The Real Reason Nobody Shares Your Infographic
We’ve all been there. You spent countless hours conducting ironclad research for your latest infographic. You tangled with a designer over the minutest details. You struck the perfect balance between education and promotion in the finished image. You even squeezed the file into CMS-friendly dimensions, whipped up an embed code, and landed a few influencers to seed it on social channels. Yet despite having done everything by the book, the big unveil was met with a smattering of Likes and tweets — and those mostly from friends.
The good news is: You’re not alone. The bad news is: The flop is probably your fault.
Why Infographics Flop
While any number of amplification and discovery tools may help boost reach, technology alone isn’t going to cure what’s likely to be your infographic’s real ill: the content itself.
Infographics have become baroque — data as ornament, not structure. Marketers jam so much information into their graphics that most are visually impenetrable. Data splatter, not data narrative. Lost in the noise isn’t only the story, but also any real understanding of what viewers want from the format. For most people, an infographic represents the shortest distance to a working knowledge of a subject. Therefore, the producer’s job is to research a topic, allow the data inform a perspective, and then visualize enough information to tell the story — and no more. It’s the “and no more” part that gives marketers fits.
Imagine you’re in a foreign city staring at a wall-mounted subway map. Even if you cannot speak the language, you trust that a basic sense of direction, color and iconography will allow you read the map well enough to get reasonably close to your destination. Now let’s pretend the map is littered with novelty information — like gas prices at the time the station was built, tunnel length in some quirky unit of measure, or relative train speeds worldwide. Those superfluous additions would interfere with the knowledge you are trying to gather — that is, how to get where you’re going. You’d be lost in the clutter of the map as well as in the unfamiliar city. If subway map designers manage to maintain focus on their audience’s needs, why do so many marketers feel compelled to clutter their infographics with so much “noise”?
Do One Thing Well Instead
A good infographic is often a study in restraint. Consider Charles Joseph Minard’s timeless depiction of Napoleon’s ill-fated 1812 march to Moscow and Reebee Garofalo’s enduring “Genealogy of Pop/Rock Music”. Anyone who has taken an Edward Tufte course will instantly recognize these projects as two of the greatest examples of information design, largely because each creator told his story with the absolute minimum number of visual elements.
Using only basic data — time, temperature, geographic coordinates, and troop count — Minard produced a single image that explained as well as any textbook or film could have the seminal turning point in the Napoleonic wars.
Garofalo’s discipline allowed him to depict the inter-relationship between several hundred musicians and musical styles spanning three decades. Had he embellished the graphic with non-essential elements, the “Genealogy of Pop/Rock Music” wouldn’t be the icon it is today.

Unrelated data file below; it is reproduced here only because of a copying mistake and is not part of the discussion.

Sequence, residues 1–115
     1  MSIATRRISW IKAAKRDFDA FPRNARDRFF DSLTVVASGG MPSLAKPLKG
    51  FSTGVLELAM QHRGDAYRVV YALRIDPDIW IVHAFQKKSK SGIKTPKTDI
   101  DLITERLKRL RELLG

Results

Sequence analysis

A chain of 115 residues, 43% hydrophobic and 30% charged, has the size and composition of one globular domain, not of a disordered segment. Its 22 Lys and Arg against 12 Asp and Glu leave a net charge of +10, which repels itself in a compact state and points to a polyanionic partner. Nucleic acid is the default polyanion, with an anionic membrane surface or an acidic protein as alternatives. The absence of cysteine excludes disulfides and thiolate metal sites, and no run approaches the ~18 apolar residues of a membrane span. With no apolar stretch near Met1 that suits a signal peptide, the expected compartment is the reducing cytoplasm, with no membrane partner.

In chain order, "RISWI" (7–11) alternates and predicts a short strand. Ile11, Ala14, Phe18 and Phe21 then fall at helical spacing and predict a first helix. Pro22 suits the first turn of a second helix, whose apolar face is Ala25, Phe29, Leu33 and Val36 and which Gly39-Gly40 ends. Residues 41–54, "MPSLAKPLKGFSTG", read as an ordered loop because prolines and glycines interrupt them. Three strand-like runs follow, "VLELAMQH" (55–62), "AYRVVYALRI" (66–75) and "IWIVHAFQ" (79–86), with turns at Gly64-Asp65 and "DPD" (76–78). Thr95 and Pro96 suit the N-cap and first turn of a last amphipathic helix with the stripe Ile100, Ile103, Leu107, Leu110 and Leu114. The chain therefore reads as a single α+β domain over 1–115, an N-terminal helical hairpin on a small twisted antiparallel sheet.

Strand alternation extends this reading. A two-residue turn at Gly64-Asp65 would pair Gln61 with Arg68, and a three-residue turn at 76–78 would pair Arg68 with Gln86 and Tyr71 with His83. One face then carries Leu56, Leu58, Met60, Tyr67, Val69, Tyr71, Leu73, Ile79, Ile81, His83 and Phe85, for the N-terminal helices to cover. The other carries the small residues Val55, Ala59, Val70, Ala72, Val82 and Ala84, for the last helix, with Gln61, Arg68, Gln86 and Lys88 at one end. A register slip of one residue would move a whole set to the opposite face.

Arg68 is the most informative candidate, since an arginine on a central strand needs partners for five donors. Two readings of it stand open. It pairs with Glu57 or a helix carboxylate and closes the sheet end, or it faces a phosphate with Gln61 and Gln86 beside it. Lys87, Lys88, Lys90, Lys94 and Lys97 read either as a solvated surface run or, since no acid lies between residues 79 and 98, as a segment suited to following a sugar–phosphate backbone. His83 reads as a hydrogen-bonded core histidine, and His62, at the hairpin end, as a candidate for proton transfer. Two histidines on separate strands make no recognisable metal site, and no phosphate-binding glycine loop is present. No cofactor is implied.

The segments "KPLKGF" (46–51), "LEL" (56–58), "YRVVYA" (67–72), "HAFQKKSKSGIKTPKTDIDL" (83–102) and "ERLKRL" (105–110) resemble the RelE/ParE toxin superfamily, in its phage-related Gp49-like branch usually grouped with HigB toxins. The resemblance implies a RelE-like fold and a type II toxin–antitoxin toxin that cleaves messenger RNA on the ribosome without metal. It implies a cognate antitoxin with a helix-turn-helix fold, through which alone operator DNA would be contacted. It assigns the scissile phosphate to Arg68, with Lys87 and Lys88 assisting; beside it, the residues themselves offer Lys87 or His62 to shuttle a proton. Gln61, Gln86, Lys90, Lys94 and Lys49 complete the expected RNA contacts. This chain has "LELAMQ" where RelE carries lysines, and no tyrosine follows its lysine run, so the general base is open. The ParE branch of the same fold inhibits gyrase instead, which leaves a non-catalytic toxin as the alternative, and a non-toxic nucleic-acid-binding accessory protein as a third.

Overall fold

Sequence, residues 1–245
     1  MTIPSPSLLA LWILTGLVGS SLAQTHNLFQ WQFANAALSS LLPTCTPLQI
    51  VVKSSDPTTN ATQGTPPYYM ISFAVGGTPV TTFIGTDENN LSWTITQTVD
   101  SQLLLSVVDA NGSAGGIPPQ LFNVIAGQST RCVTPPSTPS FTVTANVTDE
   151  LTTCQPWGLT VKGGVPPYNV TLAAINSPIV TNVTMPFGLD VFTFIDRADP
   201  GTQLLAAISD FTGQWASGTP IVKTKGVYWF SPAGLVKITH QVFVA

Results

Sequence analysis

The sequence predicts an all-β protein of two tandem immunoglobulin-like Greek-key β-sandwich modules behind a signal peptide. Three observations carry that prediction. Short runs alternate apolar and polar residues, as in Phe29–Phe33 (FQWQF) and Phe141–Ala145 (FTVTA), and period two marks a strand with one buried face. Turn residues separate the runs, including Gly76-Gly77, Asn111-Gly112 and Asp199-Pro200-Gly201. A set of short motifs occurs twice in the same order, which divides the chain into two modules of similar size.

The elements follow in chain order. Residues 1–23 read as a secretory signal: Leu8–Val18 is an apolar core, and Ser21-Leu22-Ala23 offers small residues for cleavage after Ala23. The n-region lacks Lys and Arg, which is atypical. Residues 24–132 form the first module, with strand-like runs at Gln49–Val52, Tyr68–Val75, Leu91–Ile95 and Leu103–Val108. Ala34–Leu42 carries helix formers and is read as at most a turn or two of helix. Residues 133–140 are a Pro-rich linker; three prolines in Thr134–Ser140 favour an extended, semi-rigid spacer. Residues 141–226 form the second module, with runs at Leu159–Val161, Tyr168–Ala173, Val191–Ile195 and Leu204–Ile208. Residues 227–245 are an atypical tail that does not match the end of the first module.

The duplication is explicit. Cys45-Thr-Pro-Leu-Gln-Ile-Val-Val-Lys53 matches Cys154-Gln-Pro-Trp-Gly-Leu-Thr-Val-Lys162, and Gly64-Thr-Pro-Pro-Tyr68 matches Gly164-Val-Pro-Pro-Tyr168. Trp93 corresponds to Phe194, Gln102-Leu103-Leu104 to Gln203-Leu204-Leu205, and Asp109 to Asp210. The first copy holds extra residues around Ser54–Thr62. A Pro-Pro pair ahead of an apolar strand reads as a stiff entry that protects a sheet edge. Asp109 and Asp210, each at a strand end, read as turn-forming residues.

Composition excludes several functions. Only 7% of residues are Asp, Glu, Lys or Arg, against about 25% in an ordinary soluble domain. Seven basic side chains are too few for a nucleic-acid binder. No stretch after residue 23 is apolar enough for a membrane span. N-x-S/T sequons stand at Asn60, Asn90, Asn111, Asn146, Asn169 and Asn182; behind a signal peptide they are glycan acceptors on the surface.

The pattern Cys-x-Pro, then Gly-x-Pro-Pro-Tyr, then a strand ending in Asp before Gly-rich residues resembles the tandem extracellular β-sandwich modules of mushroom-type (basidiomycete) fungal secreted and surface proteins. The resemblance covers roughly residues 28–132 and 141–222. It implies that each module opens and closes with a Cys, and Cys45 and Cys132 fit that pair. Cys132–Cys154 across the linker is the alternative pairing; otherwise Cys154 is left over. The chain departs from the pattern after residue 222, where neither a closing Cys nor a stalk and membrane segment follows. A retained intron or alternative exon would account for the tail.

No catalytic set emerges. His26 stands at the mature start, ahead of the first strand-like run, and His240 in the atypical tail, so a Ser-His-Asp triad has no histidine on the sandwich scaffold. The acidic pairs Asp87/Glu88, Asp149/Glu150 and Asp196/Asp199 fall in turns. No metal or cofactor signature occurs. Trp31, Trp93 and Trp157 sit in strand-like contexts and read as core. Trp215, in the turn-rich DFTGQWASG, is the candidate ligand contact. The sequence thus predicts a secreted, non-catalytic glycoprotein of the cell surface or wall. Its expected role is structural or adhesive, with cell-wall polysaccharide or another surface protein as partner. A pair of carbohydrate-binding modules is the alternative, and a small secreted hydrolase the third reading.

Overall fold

Some bloggers (even those with a marketing objective) have adhered to the “narrow and deep” ethos of information design heavyweights like Minard and Garofalo. For example, Brainpickings’ Maria Popova concepted a provocative look at the peculiar relationship between sleep and productivity of famous writers. Despite the fact that Popova visualizes more data points than does Garofalo, her creative partners’ off-the-charts design skills managed to make the data visually accessible.
Upfront Ventures partner Mark Suster also proves that an unshakable commitment to simplicity is paramount to designing a share-worthy infographic. Suster collaborated with Visual.ly creative wiz Jess Bachman to produce “Visualizing Dilution,” a graphic that employs the most basic design element of all — geometric shapes segmented by color — to explain the nuanced impacts raising money can have on an entrepreneur’s ownership of her own company. Bachman and Suster’s success suggests efficient creative, not extravagant creative, is the key to must-view-must-share infographics.
Like Popova and Suster, designer Robin Richards, marketer Leslie Bradshaw and I have also embraced a “Do one thing well” motto for our conservation-oriented projects. Starting with Shark Attack and continuing with our recent “True Cost of Ivory Trinkets” project for Chengeta Wildlife, we’ve aspired to resist what we call “IBU” (interesting but useless) design elements to lead the viewer directly to a single, unavoidable conclusion. Namely, we focused on how an entire species is endangered because of trivial trinkets and gift shop baubles — leaving out other information like the rate of population decline and a map of the contraband. You can see what we put together below.
The difference a graphic that stalls and one that spreads often comes down to the creator’s power of restraint. Said another way, brevity isn’t just the soul of wit, but also infographics.